New digital technology can make carers’ everyday work easier and reduce strain. However, this is currently often purchased without suitable corresponding processes.
The result? Low acceptance of poorly conceptualized technologies and a low perception of use value.
The DiCo research project has set its sights on these challenges. Within the project, a digital assistance system is being developed to systematically guide healthcare facilities through the process of digital transformation in a needs-oriented way.
A usual morning at a care home in Germany: Care staff use their tablet to document a resident’s health status. At the same time, they get a notification on their smartwatch: a resident in the next room has fallen! A colleague quickly comes to the man’s aid and checks whether everything is alright. The carer then calls a transport robot to bring the man his breakfast. After his tumble, he doesn’t want to eat in the dining room and would rather rest in his room a little.
The use of this and other technology in care settings is no longer the stuff of utopian fantasy. However, digitization is still in its infancy, and many care facilities are asking themselves: how can we identify suitable technology and integrate it into our own work processes?
A survey of 456 people from the care sector has shown that 30 percent of those asked would expect the use of modern technology to result in more time for actual care work and less stress (New quality of work initiative (2018, March)). However, a high proportion of participants instead fear negative consequences of digitization, such as staff lay-offs and more (performance) checks. These concerns among care staff are based on the fact that the decision to purchase new technology is often made impulsively by management alone. Digitization is hereby reduced to individual technologies and not understood as a process of organizational transformation. This means that the impacts of technology on structures and processes throughout the whole organization are neglected, and employee skill development not sufficiently promoted.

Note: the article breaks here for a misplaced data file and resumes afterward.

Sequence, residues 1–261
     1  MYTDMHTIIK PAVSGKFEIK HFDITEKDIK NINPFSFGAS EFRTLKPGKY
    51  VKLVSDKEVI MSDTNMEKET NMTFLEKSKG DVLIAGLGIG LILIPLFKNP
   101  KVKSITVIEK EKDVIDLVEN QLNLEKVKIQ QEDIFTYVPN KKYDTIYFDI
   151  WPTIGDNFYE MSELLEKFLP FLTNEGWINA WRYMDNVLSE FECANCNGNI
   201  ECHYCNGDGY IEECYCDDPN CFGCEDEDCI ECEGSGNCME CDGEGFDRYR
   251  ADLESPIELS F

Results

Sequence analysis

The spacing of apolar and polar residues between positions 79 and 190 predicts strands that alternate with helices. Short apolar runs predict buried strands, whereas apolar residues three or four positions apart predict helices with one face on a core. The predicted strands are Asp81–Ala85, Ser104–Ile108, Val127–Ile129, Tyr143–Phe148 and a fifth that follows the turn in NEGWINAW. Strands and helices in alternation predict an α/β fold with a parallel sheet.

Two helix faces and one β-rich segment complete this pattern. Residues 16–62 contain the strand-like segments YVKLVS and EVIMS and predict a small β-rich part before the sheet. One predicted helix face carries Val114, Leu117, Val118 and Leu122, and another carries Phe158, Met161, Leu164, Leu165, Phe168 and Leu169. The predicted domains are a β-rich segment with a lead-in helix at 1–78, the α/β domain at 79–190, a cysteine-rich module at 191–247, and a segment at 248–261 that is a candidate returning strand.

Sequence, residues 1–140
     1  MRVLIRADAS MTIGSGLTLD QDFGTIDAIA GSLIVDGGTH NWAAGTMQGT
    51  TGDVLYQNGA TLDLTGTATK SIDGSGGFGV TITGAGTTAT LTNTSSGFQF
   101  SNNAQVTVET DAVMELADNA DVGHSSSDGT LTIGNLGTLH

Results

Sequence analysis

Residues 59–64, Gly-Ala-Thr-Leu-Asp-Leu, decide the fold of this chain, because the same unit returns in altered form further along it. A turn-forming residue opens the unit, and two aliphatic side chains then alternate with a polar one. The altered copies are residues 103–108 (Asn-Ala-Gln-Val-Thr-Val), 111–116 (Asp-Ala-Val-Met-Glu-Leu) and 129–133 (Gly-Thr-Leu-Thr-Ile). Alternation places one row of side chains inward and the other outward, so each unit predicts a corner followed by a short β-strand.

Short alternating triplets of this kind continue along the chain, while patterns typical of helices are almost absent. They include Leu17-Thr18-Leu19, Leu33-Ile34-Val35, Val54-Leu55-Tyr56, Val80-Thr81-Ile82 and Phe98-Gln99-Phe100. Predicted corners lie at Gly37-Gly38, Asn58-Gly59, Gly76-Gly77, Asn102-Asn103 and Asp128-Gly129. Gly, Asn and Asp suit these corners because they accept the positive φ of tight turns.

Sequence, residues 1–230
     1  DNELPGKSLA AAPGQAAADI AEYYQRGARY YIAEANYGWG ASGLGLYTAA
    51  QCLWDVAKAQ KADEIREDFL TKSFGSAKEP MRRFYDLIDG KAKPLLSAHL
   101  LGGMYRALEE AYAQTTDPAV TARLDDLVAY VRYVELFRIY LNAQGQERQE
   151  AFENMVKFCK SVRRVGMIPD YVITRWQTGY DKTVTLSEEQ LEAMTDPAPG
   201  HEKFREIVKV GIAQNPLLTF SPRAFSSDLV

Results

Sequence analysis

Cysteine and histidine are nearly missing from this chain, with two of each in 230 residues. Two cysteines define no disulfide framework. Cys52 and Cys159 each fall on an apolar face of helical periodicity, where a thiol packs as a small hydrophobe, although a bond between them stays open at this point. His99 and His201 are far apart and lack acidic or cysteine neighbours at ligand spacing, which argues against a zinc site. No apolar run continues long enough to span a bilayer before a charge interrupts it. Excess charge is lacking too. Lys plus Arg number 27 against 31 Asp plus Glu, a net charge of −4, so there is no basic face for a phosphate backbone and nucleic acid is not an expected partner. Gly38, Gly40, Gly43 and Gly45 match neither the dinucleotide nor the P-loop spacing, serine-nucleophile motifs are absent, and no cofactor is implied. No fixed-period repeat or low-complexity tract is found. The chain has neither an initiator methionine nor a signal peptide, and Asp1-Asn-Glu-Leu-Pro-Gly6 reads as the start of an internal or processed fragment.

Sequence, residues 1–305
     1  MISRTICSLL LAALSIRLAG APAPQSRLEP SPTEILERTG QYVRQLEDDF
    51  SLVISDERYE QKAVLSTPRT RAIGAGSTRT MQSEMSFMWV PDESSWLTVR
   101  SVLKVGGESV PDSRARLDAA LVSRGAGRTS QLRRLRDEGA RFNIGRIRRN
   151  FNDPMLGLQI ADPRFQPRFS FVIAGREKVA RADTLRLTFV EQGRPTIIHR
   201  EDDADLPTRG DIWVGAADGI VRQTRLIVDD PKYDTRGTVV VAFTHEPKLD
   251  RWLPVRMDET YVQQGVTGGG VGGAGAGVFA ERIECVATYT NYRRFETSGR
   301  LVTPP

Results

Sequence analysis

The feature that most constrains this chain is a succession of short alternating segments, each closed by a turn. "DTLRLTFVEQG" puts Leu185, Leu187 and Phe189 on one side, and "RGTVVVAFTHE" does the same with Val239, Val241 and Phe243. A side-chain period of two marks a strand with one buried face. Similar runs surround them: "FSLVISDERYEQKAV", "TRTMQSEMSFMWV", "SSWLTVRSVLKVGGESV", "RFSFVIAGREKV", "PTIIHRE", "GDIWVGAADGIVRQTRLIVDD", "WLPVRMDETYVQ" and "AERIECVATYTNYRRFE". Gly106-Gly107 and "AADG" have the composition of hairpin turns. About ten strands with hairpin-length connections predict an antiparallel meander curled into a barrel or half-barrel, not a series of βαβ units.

The “Digital Companion for Intelligent Advice and Interactive Experience” research project - or DiCo for short - is about tackling these problems and supporting care facilities through the systematic and participative introduction of technology. An AI-based assistance system guides the facility through the four phases of the digital transformation process. In the “orientation and sensitization” phase, employees are sensitized for digital transformation and a digitization strategy is developed. In the “analysis and planning” phase, the facility’s needs and specific requirements are analyzed. Based on this, DiCo then suggests suitable technologies and presents the pros and cons along with training requirements. In the last two phases, DiCo supports the care facility in introducing and, finally, evaluating suitable technologies.
To make DiCo a reality, experts from the worlds of healthcare, labor science, telemedicine, artificial intelligence and user experience have all come together. Ergosign is responsible for realizing a collaborative, human-centered development approach as well as designing the user interface.